Blood Cholesterol vs. Dietary Cholesterol

It may surprise you to know that our bodies make all the cholesterol we need. When your doctor takes a blood test to measure your cholesterol level, the doctor is actually measuring the amount of circulating cholesterol in your blood, or your blood cholesterol level. About 85 percent of your blood cholesterol level is endogenous, which means it is produced by your body. The other 15 percent or so comes from an external source -- your diet. Your dietary cholesterol originates from meat, poultry, fish, seafood and dairy products. It's possible for some people to eat foods high in cholesterol and still have low blood cholesterol levels. Likewise, it's possible to eat foods low in cholesterol and have a high blood cholesterol level.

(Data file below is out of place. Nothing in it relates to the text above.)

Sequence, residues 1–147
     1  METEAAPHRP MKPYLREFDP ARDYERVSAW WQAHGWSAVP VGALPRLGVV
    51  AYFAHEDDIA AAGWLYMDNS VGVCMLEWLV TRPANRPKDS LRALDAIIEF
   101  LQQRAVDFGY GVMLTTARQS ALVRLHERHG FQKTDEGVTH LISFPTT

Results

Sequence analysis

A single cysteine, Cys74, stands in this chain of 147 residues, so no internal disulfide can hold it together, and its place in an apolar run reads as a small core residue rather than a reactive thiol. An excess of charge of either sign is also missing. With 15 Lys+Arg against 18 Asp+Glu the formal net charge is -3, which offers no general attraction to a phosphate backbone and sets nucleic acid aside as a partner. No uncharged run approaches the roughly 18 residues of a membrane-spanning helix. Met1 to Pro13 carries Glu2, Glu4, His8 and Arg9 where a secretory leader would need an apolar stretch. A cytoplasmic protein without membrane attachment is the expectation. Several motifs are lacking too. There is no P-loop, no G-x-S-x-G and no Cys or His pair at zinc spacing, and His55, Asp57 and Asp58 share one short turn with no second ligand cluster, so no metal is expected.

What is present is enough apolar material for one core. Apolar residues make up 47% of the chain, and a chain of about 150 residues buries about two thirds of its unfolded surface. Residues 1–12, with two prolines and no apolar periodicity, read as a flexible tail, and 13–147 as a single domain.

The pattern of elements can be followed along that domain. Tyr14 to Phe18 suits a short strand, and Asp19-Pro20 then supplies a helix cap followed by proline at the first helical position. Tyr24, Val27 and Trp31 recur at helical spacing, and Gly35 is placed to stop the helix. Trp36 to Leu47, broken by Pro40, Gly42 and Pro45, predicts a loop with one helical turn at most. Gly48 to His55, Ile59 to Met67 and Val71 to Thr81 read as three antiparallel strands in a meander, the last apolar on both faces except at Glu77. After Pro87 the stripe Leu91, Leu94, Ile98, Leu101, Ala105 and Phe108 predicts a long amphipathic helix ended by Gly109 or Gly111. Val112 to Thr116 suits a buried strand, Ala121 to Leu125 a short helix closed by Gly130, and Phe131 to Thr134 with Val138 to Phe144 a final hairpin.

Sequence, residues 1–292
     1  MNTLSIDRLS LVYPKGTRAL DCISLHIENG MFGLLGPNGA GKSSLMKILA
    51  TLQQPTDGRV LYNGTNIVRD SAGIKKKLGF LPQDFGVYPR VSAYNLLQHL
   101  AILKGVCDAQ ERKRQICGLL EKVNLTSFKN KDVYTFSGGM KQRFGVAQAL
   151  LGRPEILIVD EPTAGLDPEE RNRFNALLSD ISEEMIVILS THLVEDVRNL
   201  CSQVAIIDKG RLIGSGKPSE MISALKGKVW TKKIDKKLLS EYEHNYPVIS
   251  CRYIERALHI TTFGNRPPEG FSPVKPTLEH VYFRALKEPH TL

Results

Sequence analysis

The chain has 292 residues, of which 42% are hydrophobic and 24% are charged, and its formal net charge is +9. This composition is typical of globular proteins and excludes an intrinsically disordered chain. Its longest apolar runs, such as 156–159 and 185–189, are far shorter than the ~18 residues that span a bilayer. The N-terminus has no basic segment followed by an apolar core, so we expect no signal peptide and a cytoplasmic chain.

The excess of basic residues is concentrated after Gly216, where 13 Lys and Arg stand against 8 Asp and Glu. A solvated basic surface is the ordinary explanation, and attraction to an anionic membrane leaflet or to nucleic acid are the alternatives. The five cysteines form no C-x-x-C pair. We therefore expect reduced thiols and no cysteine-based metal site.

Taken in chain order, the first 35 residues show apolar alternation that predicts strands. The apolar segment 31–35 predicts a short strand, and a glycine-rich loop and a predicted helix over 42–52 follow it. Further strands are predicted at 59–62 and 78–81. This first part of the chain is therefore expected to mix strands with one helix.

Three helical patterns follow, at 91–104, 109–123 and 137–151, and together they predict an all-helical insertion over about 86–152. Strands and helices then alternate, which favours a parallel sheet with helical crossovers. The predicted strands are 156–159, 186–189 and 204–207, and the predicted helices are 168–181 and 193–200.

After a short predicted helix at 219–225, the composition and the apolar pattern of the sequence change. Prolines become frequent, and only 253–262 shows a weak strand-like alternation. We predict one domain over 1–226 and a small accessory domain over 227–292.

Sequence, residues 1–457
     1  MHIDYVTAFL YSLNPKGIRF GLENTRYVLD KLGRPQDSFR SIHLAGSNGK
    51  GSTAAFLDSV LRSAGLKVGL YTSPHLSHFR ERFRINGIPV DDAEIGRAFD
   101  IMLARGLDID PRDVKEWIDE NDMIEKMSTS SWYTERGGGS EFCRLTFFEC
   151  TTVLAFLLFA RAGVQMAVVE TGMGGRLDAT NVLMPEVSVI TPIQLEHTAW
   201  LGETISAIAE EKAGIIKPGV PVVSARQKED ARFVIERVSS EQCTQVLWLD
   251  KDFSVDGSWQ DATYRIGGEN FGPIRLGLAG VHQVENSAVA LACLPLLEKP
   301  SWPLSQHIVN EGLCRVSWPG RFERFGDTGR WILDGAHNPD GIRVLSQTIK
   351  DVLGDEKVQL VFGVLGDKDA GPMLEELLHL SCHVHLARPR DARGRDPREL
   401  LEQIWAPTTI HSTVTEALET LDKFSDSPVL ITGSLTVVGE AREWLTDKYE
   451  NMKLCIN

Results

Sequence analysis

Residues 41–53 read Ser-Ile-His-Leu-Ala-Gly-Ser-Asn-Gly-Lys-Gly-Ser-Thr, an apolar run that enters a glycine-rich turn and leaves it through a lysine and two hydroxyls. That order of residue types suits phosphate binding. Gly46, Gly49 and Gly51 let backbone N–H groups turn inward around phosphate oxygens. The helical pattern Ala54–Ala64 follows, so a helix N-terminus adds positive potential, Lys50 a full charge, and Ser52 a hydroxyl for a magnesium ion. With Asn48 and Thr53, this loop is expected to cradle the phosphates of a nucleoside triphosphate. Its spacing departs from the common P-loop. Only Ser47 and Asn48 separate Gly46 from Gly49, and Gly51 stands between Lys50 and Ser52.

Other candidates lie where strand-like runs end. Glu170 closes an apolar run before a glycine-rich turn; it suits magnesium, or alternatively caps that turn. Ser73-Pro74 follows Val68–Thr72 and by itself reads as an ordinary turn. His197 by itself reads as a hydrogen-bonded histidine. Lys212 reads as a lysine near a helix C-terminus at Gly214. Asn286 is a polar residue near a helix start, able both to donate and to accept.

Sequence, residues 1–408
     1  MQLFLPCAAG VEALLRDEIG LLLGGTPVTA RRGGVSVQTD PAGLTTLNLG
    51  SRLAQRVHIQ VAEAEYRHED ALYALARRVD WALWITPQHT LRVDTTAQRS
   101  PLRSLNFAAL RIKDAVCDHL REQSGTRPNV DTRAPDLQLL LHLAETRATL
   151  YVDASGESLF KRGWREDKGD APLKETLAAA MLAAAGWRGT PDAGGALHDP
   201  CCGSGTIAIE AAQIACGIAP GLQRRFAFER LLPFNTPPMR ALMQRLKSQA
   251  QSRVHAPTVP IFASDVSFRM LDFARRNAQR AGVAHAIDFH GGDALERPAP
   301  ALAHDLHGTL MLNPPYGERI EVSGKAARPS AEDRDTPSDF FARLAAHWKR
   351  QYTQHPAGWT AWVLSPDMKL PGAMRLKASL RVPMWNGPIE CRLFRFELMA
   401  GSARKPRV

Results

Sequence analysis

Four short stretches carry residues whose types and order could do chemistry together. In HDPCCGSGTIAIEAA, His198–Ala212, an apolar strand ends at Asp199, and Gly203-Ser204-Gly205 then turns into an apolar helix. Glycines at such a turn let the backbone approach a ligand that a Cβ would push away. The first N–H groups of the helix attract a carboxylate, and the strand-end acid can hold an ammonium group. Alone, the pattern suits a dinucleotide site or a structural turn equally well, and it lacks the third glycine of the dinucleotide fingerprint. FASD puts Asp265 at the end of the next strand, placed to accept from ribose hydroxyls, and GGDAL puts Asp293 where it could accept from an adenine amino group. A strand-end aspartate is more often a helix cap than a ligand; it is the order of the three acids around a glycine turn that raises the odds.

So, why is there so much talk about cholesterol in our diet? It's because the level of cholesterol already present in your blood can be increased by high consumption of cholesterol and saturated fat in your diet. This increase in dietary cholesterol has been associated with atherosclerosis, the build-up of plaques that can narrow or block blood vessels. (Think about what happens to your kitchen drain pipes when you pour chicken fat down the sink.) If the coronary arteries of the heart become blocked, a heart attack can occur. The blocked artery can also develop rough edges. This can cause plaques to break off and travel, obstructing blood vessels elsewhere in the body. A blocked blood vessel in the brain can trigger a stroke.

The average American man eats about 360 milligrams of cholesterol a day; the average woman eats between 220 and 260 milligrams daily. So how are we doing? The American Heart Association recommends that we limit our average daily cholesterol intake to less than 300 milligrams. Obviously, people with high levels of cholesterol in the blood should take in even less.